Tuscan Ribollita soup is a classic to be enjoyed any time of year. This is a two-for-one post; a restaurant recommendation for your next trip to Florence and a traditional Tuscan soup recipe to enjoy wherever you are. It is always a good idea to add some Italian flavor to your day; that is my motto.
During my recent stay in Florence, I discovered Negroni Cocktail Restaurant; the perfect blend of old world Tuscany and new trendy. We did the obligatory tour of the Florence city center sites; the Duomo, Uffizi, and David at Galleria dell’ Accademia, and then wanted to escape the crowds. We meandered to the other side of the Arno River, crossed at Ponte alle Grazie and paused to breathe the fresh air and marvel at the view. Another few minutes walk and we arrived at Negroni Cocktail Restaurant on Via dei Renai 17. It was so lovely; we sat outside in the glass-enclosed patio with a view of a neighborhood park and enjoyed traditional Italian dishes and a glass of local wine.
We feasted on stuffed zucchini flowers and Ribollita, the traditional Tuscan soup. This hearty, savory dish is made with black cabbage (dino kale), aromatic veggies, carrot, onion, celery, tomato, thyme, cannellini beans, extra virgin olive oil, and stale bread. It is nice to find a use for stale bread, don’t you think so?
I wanted to learn to make this soup at home, so I began with Paolo Petroni’s cookbook, Recipes of Tuscany: Traditional Home Cooking: Yesterday’s Flavors for Today’s Taste and began fiddling around and experimenting with ingredients. Here is the recipe for you to try at home.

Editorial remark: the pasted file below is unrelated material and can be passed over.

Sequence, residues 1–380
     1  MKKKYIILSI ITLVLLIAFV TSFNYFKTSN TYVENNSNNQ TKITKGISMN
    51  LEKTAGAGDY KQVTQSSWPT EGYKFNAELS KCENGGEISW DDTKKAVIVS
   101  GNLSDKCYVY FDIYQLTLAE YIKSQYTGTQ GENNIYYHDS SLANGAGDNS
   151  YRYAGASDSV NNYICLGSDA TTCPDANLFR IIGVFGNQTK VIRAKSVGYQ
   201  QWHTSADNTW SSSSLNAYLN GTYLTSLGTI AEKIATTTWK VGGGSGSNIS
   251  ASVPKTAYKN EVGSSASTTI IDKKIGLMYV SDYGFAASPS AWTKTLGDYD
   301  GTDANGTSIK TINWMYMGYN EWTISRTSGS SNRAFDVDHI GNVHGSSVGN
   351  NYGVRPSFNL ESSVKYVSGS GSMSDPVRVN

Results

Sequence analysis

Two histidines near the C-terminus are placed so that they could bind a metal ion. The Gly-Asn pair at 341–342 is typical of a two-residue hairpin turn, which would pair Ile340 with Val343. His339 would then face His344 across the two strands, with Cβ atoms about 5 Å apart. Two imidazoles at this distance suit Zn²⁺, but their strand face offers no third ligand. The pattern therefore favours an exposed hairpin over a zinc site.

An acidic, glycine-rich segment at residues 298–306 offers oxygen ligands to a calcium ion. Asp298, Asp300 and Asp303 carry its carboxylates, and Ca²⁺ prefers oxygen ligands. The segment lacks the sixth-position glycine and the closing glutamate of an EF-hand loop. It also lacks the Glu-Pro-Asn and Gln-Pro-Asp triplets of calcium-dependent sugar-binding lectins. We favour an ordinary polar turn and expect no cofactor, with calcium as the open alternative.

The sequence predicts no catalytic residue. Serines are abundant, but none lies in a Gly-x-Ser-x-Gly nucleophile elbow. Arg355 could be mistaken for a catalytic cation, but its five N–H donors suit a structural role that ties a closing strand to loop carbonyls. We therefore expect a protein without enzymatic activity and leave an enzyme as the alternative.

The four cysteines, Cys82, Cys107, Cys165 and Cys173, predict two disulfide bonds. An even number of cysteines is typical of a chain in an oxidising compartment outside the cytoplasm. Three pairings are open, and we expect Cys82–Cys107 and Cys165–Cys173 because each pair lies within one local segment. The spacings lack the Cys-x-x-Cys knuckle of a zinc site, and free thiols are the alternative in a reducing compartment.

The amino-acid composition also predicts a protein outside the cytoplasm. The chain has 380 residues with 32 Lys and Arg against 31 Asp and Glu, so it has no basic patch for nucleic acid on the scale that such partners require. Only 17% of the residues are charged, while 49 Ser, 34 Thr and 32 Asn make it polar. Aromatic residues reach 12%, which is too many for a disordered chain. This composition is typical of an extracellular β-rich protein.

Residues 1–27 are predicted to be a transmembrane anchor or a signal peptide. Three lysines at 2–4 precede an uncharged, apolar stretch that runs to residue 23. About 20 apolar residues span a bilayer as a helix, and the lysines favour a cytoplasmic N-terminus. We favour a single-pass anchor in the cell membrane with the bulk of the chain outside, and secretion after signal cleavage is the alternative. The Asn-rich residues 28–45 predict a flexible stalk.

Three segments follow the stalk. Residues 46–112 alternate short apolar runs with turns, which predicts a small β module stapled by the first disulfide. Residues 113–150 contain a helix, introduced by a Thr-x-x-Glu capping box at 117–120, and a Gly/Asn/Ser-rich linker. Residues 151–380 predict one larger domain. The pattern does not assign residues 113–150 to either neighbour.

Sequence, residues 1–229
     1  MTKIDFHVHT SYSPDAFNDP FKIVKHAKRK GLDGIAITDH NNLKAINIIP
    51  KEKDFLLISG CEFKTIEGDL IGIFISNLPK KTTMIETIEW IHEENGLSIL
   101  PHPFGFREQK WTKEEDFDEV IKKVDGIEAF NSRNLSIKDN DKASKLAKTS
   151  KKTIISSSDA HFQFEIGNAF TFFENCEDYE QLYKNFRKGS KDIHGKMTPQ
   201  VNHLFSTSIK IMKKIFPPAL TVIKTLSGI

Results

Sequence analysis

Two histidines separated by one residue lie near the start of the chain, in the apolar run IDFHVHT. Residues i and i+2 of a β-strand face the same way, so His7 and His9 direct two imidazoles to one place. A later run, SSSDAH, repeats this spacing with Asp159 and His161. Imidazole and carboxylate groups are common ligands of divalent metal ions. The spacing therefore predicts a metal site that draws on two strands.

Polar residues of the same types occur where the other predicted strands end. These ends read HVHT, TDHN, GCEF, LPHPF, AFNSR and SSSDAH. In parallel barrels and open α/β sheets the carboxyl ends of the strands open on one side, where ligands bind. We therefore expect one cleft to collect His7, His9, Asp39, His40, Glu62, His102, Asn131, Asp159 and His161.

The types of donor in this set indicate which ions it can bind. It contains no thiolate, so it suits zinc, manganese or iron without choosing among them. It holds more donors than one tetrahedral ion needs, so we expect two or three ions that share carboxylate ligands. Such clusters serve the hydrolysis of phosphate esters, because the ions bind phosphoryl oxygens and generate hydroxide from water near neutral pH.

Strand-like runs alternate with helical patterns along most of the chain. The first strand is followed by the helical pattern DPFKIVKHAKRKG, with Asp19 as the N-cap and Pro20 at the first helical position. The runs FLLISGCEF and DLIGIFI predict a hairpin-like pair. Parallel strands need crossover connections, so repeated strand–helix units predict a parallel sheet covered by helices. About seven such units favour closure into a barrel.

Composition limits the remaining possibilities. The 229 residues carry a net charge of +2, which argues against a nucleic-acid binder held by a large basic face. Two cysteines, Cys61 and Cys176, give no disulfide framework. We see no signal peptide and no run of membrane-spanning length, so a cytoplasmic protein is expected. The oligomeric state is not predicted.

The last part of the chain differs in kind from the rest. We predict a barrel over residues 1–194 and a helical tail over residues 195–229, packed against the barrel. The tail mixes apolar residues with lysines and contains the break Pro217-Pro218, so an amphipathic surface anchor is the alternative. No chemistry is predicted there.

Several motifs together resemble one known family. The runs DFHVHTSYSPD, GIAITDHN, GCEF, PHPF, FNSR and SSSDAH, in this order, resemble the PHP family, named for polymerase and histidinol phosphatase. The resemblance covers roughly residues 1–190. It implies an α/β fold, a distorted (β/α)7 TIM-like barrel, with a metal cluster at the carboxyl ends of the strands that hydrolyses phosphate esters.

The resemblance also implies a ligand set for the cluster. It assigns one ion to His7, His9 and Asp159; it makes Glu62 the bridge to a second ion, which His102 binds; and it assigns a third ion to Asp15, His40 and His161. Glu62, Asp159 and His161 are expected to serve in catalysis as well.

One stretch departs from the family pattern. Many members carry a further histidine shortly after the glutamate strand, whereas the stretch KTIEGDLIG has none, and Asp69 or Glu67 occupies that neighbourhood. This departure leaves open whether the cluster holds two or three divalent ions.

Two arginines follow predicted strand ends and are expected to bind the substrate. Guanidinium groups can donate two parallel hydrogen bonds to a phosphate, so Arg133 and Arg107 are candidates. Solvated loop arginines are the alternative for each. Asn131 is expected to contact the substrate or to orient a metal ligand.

By the way, Paolo Petroni is the president of the Accademia Italiana della Cucina (Italian Academy of Cooking) which is an Italian organization whose mission is to, “protect the traditions of Italian cuisine and promote and encourage its improvement in Italy and abroad.” Don’t you just love a cuisine that is protected by its own academy?
Ribollita - Traditional Tuscan Soup
A hearty vegetable soup full of flavor.
- 12 ounces dried cannellini beans, soaked overnight (or a 15.5 ounce can of cooked beans)
- 8 cups water or broth
- 2 Tablespoons extra virgin olive oil
- 3 cloves of garlic, sliced
- 2 medium or 1 large white onion, diced
- 1 tsp. fresh thyme
- 2 medium carrots, sliced in thin rounds
- 2 stalks celery, chopped
- 2 medium potatoes, diced
- One bunch black cabbage, shredded (aka Lacinto or dino kale)
- 1/2 head Savoy cabbage, shredded
- 1 bunch Swiss chard, chopped
- 2 medium tomatoes, chopped, or a 14-ounce can of tomatoes
- salt and freshly ground pepper
- a few chunks of stale bread
- Drain the soaked beans and put in a soup pot with enough water to cover the beans by 2 inches. Cover and cook the beans for 40 minutes, or until soft Set aside half of the whole beans and puree the other half. Set aside.
- In a large soup pot, make a battuto: warming 2 tablespoons of olive oil, add the garlic and onion and cook on medium heat until fragrant, about 3 minutes. Add the celery, carrot, and thyme, stir and cook on low, uncovered, for 15 minutes.
- Add potatoes, kale, Savoy cabbage, Swiss chard, and tomatoes. Season with salt and pepper and stir well.
- Pour in pureed beans and 8 cups water or broth. Cover and simmer over low heat for one hour, stirring occasionally. At the end, stir in the reserved whole beans.
- Serve the soup right away, adding a few pieces of stale bread. You can experiment with the amount of bread to get different results. The more bread you add, the stiffer the soup.
- Alternatively, cool and refrigerate the soup overnight so all of the flavors will marry. This soup can be served hot or at room temperature.
The beauty of this soup is that it is never the same each time I make it. I am always pleasantly surprised.
Soup’s on! Buon appetito!